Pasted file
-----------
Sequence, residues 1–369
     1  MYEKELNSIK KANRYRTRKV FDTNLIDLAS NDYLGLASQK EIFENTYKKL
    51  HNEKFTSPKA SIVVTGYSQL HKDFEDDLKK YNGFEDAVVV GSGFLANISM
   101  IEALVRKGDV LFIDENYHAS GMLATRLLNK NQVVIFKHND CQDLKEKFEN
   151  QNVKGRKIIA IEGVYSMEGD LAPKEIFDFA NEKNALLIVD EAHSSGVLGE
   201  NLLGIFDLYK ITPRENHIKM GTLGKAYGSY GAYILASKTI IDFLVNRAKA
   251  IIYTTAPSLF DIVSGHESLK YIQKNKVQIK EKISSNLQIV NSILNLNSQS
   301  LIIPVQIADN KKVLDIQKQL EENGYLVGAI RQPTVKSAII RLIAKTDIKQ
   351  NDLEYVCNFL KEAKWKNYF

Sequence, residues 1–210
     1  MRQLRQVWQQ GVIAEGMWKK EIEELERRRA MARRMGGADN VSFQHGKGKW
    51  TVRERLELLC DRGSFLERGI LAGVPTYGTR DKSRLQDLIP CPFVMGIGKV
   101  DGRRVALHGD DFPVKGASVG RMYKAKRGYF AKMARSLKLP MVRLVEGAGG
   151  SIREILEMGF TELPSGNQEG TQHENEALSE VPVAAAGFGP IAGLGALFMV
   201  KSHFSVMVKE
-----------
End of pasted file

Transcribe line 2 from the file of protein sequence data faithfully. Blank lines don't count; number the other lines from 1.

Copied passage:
     1  MYEKELNSIK KANRYRTRKV FDTNLIDLAS NDYLGLASQK EIFENTYKKL